Okay, let’s get started!

Year

It’s very simple to say the year in Korean. Just add the ending 년.

2020 = 2020년 (이천이십년)

*Note: It’s important to know how to say the numbers in Korean even though the symbols are the same. When reading 2020년 aloud, you wouldn’t say say “twenty twenty 년,” you’d say 이천이십년. This may seem obvious, but it can be tricky to get used to at first.

Month

Months are also very easy! Rather than having a word for each month, just attach 월 to the number that correlates to the month. Again, make sure to say the number in Korean. You wouldn’t say “one 월,” you’d say 일월.

1월 (일왈) - January

2월 (이월) - February

3월 (삼월) - March

4월 (사월) - April

5월 (오월) - May

6월 (유월) - June

7월 (칠월) - July

8월 (팔 월) - August

9월 (구월) - September

10월 (시월) - October

11월 (십일월) - November

12월 (십이월) - December

*You may have noticed that June is 유월 instead of 육월, and October is 시월 instead of 십월. This is for ease of pronuncation. Thank you to @chloeskoreanblog for informing me of this!

Day of the Month

The day of the month is easy as well! Simply add 일, meaning “day,” to the number of the day of the month.

the 15th = 15일 (십오일)

*If you know numbers in Korean, you know that 일 is also the Sino-Korean number one. Just remember that it has a different meaning when used this way.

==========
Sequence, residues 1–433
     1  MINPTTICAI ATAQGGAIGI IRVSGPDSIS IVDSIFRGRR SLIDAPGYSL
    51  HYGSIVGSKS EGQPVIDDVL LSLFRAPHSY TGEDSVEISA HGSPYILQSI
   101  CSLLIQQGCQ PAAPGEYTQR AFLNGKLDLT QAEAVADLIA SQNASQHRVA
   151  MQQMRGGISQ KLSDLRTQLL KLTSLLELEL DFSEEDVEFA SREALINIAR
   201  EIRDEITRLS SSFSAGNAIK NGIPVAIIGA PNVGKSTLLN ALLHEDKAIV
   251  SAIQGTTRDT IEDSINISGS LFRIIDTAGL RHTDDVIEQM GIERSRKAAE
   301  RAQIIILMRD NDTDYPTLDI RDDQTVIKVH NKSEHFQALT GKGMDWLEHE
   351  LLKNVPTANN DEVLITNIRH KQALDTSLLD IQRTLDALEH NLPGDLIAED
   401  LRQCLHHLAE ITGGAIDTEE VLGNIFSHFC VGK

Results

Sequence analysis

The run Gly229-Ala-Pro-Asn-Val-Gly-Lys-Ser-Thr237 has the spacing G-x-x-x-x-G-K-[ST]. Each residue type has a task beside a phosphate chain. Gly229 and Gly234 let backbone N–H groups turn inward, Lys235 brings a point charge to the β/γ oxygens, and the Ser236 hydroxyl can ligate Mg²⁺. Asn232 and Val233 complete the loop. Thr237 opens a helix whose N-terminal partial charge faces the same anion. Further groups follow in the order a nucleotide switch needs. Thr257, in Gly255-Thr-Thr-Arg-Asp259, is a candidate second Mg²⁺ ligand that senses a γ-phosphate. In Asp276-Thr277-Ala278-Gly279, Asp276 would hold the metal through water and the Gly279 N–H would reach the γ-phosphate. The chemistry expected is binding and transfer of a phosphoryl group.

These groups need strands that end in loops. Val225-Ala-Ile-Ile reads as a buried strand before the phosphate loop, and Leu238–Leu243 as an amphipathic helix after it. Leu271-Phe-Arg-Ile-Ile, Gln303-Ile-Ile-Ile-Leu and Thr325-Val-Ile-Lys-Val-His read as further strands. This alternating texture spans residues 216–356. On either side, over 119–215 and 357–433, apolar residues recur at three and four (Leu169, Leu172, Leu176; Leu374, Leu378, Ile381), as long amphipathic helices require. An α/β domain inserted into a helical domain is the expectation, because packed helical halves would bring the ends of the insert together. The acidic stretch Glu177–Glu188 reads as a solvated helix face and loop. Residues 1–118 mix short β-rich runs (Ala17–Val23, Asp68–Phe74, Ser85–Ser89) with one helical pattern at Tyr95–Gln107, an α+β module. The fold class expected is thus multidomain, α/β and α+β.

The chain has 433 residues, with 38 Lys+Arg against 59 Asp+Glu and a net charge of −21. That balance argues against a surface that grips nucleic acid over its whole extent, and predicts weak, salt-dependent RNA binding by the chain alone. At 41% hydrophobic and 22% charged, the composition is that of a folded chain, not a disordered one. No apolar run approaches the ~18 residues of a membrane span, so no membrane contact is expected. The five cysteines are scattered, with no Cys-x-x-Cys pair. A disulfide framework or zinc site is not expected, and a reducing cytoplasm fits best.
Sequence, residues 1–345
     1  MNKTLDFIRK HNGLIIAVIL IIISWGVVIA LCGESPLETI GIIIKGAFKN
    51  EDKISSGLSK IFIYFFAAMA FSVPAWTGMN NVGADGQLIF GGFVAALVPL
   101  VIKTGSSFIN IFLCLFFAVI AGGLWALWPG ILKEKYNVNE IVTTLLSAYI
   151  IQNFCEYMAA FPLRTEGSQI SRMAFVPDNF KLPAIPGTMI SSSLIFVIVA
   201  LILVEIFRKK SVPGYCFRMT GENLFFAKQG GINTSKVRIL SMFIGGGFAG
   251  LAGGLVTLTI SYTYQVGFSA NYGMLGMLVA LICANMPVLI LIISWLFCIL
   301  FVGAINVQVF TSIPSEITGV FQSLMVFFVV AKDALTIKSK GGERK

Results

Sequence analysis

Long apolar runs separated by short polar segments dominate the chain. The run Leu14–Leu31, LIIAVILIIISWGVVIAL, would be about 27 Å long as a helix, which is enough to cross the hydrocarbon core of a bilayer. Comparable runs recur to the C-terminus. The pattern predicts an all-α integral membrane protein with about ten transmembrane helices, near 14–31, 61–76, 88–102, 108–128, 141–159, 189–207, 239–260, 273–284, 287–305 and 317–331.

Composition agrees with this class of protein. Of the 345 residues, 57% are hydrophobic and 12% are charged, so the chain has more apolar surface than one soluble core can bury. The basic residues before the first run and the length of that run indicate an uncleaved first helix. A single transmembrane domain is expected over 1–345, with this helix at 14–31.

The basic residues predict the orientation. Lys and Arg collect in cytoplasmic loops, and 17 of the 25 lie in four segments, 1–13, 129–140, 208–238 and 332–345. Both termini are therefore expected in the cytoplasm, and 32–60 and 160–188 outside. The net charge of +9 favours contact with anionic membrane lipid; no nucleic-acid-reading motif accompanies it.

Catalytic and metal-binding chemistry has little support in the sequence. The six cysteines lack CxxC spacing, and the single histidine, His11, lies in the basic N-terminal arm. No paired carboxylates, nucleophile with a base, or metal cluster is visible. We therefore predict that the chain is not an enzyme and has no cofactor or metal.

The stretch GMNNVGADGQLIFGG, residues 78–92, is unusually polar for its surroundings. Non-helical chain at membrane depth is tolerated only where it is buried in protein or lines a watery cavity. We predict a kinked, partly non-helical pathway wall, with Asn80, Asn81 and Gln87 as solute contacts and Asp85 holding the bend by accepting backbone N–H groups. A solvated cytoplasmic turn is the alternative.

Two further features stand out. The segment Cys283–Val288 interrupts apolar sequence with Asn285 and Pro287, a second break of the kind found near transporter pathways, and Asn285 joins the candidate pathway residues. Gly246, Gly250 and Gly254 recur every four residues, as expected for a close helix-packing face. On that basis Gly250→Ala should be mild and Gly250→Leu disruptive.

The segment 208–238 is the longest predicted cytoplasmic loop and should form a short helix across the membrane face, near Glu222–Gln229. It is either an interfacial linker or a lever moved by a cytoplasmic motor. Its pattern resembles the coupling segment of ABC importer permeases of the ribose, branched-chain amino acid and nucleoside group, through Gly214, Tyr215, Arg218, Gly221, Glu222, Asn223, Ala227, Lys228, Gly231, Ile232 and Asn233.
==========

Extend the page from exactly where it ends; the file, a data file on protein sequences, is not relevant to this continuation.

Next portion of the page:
Day of the Week

Just like in English, days of the week each have their own name in Korean. Notice that the names all end in 요일. In everyday conversation, however, this ending is often left out. This is similar to saying Mon. instead of Monday.

일요일 - Sunday

월요일 - Monday

화요일 - Tuesday

수요일 - Wednesday

목요일 - Thursday

금요일 - Friday

토요일 - Saturday

What date is it?

Now, let’s learn how to ask what the date is. To do this in Korean, you literally say “How many months and how many days are there?”

We know that 월 is used for the month, and 일 is used for the day of the month. Use 몇 for “how many.” For the month, 몇 월 is left as two words. For the day, the words 몇 and 일 combine to form 며칠. Then, we use 이에요, the present tense conjugation of 이다 (to be).

All together, here’s what we have: